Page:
Schaufenbuel, K. (2014). Bringing mindfulness into the workplace. Retrieved from http://www.kenan-flagler.unc.edu/~/media/Files/documents/executive-development/unc-white-paper-bringing-mindfulness-to-the-workplace_final.pdf

Schimke, D. (2017). Taking mindfulness to the streets. The Chronical of Higher Education. Retrieved from http://www.chronicle.com/article/Taking-Mindfulness-to-the/238926?cid=cr&utm_source=cr&utm_medium=en&elqTrackId=bdf36891a61f4e678dc684f41a69901f&elq=8ebbf748ca754fedb264625ef9f4212d&elqaid=12252&elqat=1&elqCampaignId=4966

Schlossberg, N. K. (1989). Marginality and mattering: Key issues in building community. In D. C. Roberts (Ed.), Designing campus activities to foster a sense of community: New directions for student services, No. 48. (pp. 5-15). San Francisco, CA: Jossey-Bass.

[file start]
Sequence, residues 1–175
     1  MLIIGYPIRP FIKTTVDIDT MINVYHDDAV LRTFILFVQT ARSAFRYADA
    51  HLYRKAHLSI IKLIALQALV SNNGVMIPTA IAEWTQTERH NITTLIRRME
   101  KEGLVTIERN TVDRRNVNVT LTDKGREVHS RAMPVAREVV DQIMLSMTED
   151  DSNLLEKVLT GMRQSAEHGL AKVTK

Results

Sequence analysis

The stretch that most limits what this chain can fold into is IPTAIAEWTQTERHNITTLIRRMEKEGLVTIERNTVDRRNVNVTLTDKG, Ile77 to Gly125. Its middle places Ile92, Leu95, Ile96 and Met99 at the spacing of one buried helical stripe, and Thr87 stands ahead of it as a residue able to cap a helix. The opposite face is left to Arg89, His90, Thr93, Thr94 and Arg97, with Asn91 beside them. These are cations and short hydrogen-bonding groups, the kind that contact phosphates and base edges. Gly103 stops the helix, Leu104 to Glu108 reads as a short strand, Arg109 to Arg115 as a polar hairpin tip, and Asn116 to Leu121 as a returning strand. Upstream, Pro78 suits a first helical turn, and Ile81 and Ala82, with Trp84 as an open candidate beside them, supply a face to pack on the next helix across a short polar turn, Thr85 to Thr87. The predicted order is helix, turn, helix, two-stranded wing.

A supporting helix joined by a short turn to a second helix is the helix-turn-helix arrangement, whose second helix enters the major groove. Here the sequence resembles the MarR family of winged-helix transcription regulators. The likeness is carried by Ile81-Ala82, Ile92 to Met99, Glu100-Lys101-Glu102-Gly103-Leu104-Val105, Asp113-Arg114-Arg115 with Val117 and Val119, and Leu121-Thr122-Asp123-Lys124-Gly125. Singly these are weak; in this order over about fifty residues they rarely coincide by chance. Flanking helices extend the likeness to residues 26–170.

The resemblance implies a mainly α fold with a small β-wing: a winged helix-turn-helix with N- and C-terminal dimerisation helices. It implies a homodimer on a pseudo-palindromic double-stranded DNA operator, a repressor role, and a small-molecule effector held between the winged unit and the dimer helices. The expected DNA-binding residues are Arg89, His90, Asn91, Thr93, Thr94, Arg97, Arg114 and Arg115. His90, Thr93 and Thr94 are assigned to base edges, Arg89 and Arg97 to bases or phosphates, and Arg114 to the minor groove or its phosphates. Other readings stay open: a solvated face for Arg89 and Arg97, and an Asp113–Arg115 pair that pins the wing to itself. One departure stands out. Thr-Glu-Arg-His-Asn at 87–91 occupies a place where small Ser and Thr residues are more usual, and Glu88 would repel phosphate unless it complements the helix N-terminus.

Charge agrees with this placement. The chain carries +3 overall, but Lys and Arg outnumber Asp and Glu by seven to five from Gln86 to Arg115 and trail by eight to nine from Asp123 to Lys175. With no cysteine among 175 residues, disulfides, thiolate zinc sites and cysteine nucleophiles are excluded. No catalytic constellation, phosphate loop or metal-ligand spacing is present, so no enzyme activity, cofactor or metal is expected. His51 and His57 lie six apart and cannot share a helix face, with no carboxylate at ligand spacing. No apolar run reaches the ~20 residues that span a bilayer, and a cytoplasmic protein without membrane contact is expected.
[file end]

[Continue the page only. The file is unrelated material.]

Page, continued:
Tan, C.-M. (2012). Search inside yourself: The unexpected path to achieving success, happiness (and world peace). New York, NY: HarperOne.

Taylor, N. Z., & Millear, P. M. R. (2016). The contribution of mindfulness to predicting burnout in the workplace. Personality and Individual Differences, 89, 123-128. doi://dx.doi.org/10.1016/j.paid.2015.10.005

Tyton Partners. (2015). Driving toward a degree: The evolution of planning and advising in higher education. Retrieved from http://tytonpartners.com/library/driving-toward-a-degree-the-evolution-of-planning-and-advising-in-higher-education/

Zivnuska, S., Kacmar, K. M., Ferguson, M., & Carlson, D. S. (2016). Mindfulness at work: Resource accumulation, well-being, and attitudes. Career Development International, 21(2), 124.

Cite this article using APA style as: Hendricks, D. (2017, June). Advising mindfully: Increasing attention and effectiveness. Academic Advising Today, 40(2). Retrieved from [insert url here] 

Posted in: 2017 June 40:2